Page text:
Tag Archives: Open Treasure

Mysterious hoard baffles cathedral experts

The discovery of a forgotten time capsule has baffled history buffs at Durham Cathedral.

Workmen dismantling a Victorian bookcase to make way for a new door were surprised to find two newspapers from 1880 hidden under the base – and names written on the timbers in pencil.

The discovery has puzzled historians who believed the towering bookcases were installed when the stunning Monks’ Dormitory was opened in the 1850s.

Cathedral archaeologist Norman Emery now believes the Dormitory, a library, may have been extended at a later date.

But even that theory raises questions, as Mr Emery explained:

“Perhaps the library was extended at a later date and the new bookcases made as exact copies of the existing ones, but they appear to me to have all been made at the same time, which is baffling.”

Meanwhile, Mr Emery and colleagues are investigating the graffiti, bearing the names John Milbanke, believed to have been a Victorian builder and joiner from Church Street, Durham, and Robert Robson , a builder, mayor, alderman and justice of the peace whose eldest son served as the cathedral’s clerk of works.

The newspapers unearthed were the Newcastle Daily Chronicle of July 13, 1880, and the London Weekly Times of June 17, 1880.

Stories of the day included parliamentary debates, imperial affairs and a Sunderland manslaughter trial, all featured alongside adverts for assorted miracle cures and agricultural show results.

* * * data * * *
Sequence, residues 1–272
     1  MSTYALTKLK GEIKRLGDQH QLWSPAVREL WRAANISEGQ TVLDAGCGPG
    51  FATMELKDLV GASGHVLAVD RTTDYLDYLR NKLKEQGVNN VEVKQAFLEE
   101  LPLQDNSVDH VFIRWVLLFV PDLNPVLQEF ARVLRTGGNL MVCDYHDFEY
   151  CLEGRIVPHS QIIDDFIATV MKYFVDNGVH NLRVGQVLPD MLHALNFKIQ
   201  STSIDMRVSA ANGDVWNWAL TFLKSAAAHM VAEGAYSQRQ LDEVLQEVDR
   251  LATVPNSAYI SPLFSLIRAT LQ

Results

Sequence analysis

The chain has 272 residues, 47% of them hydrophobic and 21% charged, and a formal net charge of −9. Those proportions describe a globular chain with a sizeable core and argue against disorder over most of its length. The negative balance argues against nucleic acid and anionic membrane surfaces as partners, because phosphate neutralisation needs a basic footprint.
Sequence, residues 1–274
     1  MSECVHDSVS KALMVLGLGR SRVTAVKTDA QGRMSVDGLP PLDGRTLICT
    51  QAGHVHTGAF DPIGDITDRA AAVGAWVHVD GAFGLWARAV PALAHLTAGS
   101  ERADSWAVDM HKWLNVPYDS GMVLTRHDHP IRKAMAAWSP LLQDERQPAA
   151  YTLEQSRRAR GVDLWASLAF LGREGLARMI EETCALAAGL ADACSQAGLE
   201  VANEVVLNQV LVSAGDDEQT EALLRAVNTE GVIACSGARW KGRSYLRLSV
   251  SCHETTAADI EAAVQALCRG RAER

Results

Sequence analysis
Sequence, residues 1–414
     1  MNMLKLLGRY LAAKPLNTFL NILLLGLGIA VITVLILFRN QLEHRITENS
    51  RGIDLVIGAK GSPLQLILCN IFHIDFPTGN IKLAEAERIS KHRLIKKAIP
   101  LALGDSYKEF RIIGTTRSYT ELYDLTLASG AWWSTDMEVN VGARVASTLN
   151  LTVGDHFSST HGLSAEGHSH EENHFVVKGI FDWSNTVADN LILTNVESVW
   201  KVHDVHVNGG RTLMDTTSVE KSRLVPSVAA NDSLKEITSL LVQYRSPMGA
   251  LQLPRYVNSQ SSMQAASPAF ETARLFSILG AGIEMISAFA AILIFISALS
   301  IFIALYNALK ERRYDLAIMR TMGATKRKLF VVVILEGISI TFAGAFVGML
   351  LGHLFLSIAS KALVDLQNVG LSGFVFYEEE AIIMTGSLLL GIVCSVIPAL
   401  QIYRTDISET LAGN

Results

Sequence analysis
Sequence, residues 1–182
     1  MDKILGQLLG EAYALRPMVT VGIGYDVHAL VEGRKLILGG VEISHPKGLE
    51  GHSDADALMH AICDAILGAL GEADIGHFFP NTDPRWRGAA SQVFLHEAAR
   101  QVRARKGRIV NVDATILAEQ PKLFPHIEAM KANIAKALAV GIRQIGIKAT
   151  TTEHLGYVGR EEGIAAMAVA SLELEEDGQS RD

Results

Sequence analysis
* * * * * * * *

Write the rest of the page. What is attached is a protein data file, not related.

The Times carries a name and address written in ink across the centre page: Mr R Yelloby, Berwick on Tweed.

“It would be fascinating to know the link between this man and the man who ended up with the newspaper,” Mr Emery said.

The mysterious find follows the discovery of Roman pottery and a single pre-historic flint under the cathedral’s Great Kitchen in April.

The cathedral is undergoing major renovation as part of the £10m Open Treasure programme, which will see the creation of a world-class exhibition space capable of hosting priceless artefacts from the cathedral’s collections and across the world.

For more information, visit durhamcathedral.co.uk/open-treasure

Source –  Durham Times,  30 Oct 2014

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Ancient relics of St Cuthbert to be sold at auction

A piece of the coffin of St Cuthbert which was removed from his shrine at Durham Cathedral is to be sold at auction

The fragments of coffin and robe from St Cuthbert’s shrine are mounted in a display box thought to date from the 19th Century.

On what is the feast day today of St Cuthbert, it has emerged that the item will be sold on March 27 by auctioneers Anderson & Garland in Newcastle, with an estimate of £200 to £300.

The item has come from the collection of the late Ian Curry, who was Durham Cathedral architect from 1976-1997, and who died in 2012.

He served as president of Sunderland Antiquarian Society and was a member of the Society of Antiquaries of Newcastle upon Tyne.

The shrine of St Cuthbert at Durham Cathedral was opened in 1827 by Canon James Raine, and several pieces of the coffin and cloth were removed.

In 1899, the shrine was opened again by antiquarian  Canon William Greenwell.

The pieces of the coffin were removed and the casket was partially restored in 1946 and again in 1978.

Cathedral head of marketing and events Ruth Robson said: “Canon Raine gave several pieces as gifts to friends and they do sometimes turn up.

“Perhaps Mr Curry bought this item in an antique shop.”

She said that the cathedral was considering bidding for the item. Mr Curry was born in Newcastle and lived in Sunderland.

The coffin will be among items which, it is planned, will be on display next year as part of the cathedral’s major Open Treasure project.

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